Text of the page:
The invention can take the form of an entirely hardware embodiment, an entirely software embodiment or an embodiment containing both hardware and software elements. In a preferred embodiment, the invention is implemented in software, which includes but is not limited to firmware, resident software, microcode, etc.
Furthermore, the invention can take the form of a computer program product accessible from a computer-usable or computer-readable medium providing program code for use by or in connection with a computer or any instruction execution system. For the purposes of this description, a computer-usable or computer readable medium can be any tangible apparatus that can contain, store, communicate, propagate, or transport the program for use by or in connection with the instruction execution system, apparatus, or device.
The medium can be an electronic, magnetic, optical, electromagnetic, infrared, or semiconductor system (or apparatus or device) or a propagation medium. Examples of a computer-readable medium include a semiconductor or solid state memory, magnetic tape, a removable computer diskette, a random access memory (RAM), a read-only memory (ROM), a rigid magnetic disk and an optical disk. Current examples of optical disks include compact disk-read only memory (CD-ROM), compact disk-read/write (CD-R/W) and DVD.
A data processing system suitable for storing and/or executing program code will include at least one processor coupled directly or indirectly to memory elements through a system bus. The memory elements can include local memory employed during actual execution of the program code, bulk storage, and cache memories which provide temporary storage of at least some program code in order to reduce the number of times code must be retrieved from bulk storage during execution.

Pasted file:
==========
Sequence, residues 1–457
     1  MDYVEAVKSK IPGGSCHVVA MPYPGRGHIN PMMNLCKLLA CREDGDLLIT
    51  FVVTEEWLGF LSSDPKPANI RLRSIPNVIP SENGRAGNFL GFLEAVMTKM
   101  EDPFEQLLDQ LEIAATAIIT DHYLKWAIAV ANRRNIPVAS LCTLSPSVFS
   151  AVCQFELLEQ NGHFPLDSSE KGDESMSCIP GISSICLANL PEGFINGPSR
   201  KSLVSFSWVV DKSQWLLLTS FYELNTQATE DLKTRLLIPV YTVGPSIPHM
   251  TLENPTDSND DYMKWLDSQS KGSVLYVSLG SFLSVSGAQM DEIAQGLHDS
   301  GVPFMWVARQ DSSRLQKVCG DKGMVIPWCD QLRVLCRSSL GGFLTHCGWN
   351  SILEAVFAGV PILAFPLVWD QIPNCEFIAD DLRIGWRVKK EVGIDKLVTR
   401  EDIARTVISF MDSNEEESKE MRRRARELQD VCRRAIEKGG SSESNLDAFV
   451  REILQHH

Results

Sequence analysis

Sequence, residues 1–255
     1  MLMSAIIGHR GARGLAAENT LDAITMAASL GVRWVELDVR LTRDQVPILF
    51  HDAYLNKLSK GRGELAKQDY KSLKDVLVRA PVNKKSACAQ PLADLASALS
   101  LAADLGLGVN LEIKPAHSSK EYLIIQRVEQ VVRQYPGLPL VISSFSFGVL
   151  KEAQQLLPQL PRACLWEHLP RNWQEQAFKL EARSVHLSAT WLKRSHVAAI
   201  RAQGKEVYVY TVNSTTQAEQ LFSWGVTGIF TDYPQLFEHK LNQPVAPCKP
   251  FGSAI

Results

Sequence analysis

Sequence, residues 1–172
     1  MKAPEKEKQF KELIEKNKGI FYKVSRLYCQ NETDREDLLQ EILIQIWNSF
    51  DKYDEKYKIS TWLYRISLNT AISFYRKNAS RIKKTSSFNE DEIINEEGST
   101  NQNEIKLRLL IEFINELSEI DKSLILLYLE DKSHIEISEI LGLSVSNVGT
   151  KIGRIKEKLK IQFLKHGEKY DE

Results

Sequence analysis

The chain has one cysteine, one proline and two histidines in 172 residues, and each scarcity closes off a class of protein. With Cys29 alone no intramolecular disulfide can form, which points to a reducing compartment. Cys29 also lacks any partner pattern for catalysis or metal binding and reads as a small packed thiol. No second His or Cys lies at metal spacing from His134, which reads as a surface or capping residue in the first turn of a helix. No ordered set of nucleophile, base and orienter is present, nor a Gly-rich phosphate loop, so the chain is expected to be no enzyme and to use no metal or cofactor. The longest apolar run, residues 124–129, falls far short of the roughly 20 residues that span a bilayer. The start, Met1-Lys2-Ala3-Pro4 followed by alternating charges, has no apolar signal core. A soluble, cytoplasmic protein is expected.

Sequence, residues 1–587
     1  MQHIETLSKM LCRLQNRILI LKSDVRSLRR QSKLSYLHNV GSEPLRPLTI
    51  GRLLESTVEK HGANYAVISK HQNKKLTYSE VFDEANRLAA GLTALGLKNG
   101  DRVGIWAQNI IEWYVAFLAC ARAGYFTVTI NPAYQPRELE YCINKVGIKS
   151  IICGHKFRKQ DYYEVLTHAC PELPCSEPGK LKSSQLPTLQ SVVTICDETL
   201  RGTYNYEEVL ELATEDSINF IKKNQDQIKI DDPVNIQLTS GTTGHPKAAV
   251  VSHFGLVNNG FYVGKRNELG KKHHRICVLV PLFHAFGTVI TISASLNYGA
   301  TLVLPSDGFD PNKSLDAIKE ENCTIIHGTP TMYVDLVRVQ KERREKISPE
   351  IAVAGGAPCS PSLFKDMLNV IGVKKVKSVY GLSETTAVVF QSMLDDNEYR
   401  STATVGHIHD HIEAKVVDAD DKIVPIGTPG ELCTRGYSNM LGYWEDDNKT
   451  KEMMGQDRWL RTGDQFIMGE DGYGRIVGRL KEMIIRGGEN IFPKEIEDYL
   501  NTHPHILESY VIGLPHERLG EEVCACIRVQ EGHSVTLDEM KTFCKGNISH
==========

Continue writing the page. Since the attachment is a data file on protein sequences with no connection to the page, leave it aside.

Input/output or I/O devices (including but not limited to keyboards, displays, pointing devices, etc.) can be coupled to the system either directly or through intervening I/O controllers.
Network adapters may also be coupled to the system to enable the data processing system to become coupled to other data processing systems or remote printers or storage devices through intervening private or public networks. Modems, cable modem and Ethernet cards are just a few of the currently available types of network adapters.
The description of the present invention has been presented for purposes of illustration and description, and is not intended to be exhaustive or limited to the invention in the form disclosed. Many modifications and variations will be apparent to those of ordinary skill in the art. The embodiment was chosen and described in order to best explain the principles of the invention, the practical application, and to enable others of ordinary skill in the art to understand the invention for various embodiments with various modifications as are suited to the particular use contemplated.
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|U.S. Classification||717/124, 717/127, 717/129|
|Mar 21, 2007||AS||Assignment|
Owner name: INTERNATIONAL BUSINESS MACHINES CORPORATION, NEW Y
Free format text: ASSIGNMENT OF ASSIGNORS INTEREST;ASSIGNORS:BROWNING, LUKE MATTHEW;BURDICK, DEAN JOSEPH;VAIDYANATHAN, BASU;REEL/FRAME:019041/0592;SIGNING DATES FROM 20070126 TO 20070201
Owner name: INTERNATIONAL BUSINESS MACHINES CORPORATION, NEW Y
Free format text: ASSIGNMENT OF ASSIGNORS INTEREST;ASSIGNORS:BROWNING, LUKE MATTHEW;BURDICK, DEAN JOSEPH;VAIDYANATHAN, BASU;SIGNING DATES FROM 20070126 TO 20070201;REEL/FRAME:019041/0592
|Dec 19, 2014||REMI||Maintenance fee reminder mailed|
|May 10, 2015||LAPS||Lapse for failure to pay maintenance fees|
|Jun 30, 2015||FP||Expired due to failure to pay maintenance fee|
Effective date: 20150510